I’m seeing the end of the 50,000 word tunnel, although the story will be far from complete. I’ll have reached the target tomorrow, unless something happens. Shouldn’t put the cart before the horse (or, as we say in French, the plough before the oxen).
Here’s another unedited excerpt to either feast your eyes on or take a red pen to:
â€œHow much would it cost, in dollars, to buy a Phoenix?â€
Jacqueline frowned. â€œSales of Phoenixes are prohibited on Earth, due to humansâ€™ overwhelming lack of knowledge of other species. Owning such a species as the Phoenix could change the balance of knowledge and accelerate humanityâ€™sâ€”â€
â€œYeah, yeah, Iâ€™ve heard the speech before. Next youâ€™ll tell me my brain is too small to understand all of it. How much?â€
â€œHold, please, while I convert funds.â€ She disappeared again. I glanced at Eve. She looked sad, almost ready to cry. â€œIâ€™m not thinking of buying you,â€ I said, my voice grumpy even to my ears. That did it. Her face scrunched like a dried-up apple, then she launched a wail that made the windows tremble. Shit.
What did I do, now? Every time that happened at Terryâ€™s, Betty intervened, whisked the child away, and, after whatever she did or said, the cries stopped. Problem was, I never was privy to what she did or said, so I had no idea how to deal with Eve.
â€œWhat did you do to her?â€ Isabel asked behind me.
I turned, relieved beyond belief. â€œI didnâ€™t hear you come in, I said above Eveâ€™s cries. And I didnâ€™t do anything. Really.â€
Isabel threw me a pitying glance and walked over to Eve. â€œAt least you couldâ€™ve picked her up.â€ She did just that. â€œCome here, sweetie, come here. Why so sad?â€
Isabel sat in the chair, Eve on her lap, and rocked back and forth. Eve calmed down to silent tears and hiccups. â€œJack mean,â€ she said.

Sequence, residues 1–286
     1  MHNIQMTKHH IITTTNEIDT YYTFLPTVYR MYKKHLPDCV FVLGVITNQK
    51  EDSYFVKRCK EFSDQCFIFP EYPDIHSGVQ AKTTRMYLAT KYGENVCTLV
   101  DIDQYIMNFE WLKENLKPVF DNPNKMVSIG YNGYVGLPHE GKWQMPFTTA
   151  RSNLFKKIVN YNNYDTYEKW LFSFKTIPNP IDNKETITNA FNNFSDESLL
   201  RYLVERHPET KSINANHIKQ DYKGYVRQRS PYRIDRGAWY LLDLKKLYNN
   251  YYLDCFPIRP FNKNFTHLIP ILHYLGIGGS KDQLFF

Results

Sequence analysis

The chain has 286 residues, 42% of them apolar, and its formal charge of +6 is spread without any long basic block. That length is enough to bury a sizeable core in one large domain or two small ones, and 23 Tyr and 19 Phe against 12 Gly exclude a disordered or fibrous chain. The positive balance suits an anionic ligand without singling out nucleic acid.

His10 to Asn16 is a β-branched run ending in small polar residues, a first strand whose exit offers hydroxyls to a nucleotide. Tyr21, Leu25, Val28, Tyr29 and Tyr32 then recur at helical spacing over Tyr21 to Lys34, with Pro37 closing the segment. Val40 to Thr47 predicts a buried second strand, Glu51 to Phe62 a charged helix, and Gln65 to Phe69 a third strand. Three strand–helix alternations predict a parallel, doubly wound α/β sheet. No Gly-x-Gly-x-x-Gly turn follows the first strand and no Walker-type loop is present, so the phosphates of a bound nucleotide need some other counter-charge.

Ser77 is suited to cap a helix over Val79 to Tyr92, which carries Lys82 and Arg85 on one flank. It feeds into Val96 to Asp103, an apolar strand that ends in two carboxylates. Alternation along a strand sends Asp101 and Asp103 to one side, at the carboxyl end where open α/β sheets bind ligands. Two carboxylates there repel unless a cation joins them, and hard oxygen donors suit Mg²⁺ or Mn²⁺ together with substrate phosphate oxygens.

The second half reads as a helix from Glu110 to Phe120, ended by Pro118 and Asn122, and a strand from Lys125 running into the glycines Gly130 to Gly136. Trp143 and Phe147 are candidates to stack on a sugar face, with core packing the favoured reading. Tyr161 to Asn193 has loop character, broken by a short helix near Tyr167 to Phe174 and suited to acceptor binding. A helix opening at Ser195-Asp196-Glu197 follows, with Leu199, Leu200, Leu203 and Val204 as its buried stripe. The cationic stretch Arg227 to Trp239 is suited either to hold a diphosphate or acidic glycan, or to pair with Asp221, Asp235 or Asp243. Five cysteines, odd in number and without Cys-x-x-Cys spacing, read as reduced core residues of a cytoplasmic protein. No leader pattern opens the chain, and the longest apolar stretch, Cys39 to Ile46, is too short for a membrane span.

Isabel looked at me, startled. â€œShe talks?â€
â€œYeah. Phoenix didnâ€™t, but Eve does.â€
â€œI had to call her something. Anyway, Iâ€™m not being mean, Iâ€™m trying to figure out whatâ€™s going on.â€
â€œWhere did you get that gizmo on the table?â€
â€œWinston sent it. He had to leave unexpectedly on a mission, but he didnâ€™t leave me completely in the lurch.â€
â€œI have the data,â€ Jacqueline said as she appeared on the screen.
Isabelâ€™s eyebrows rose. â€œJacqueline?â€
I grimaced. â€œWinstonâ€™s little joke. So, what would it cost me?â€
â€œAgain, I must emphasizeâ€”â€
â€œCut it, sister. I asked you a question.â€
â€œVery well. The twelve-hour model is between two hundred and five hundred thousand, depending on where you order it from. The twenty-four hour model would run between one million five to two million, again depending the source factory.â€
I whistled. That was no chump change. I could easily afford the half-hour model; the twenty-four one would be a bit of a stretch, but, with equal paymentsâ€¦ I blinked.
Wait a minute, here, I thought. What was going on? All of a sudden, I wanted to buy a Phoenix? I stared at the bag, which was sitting right beside the communication station on the coffee table.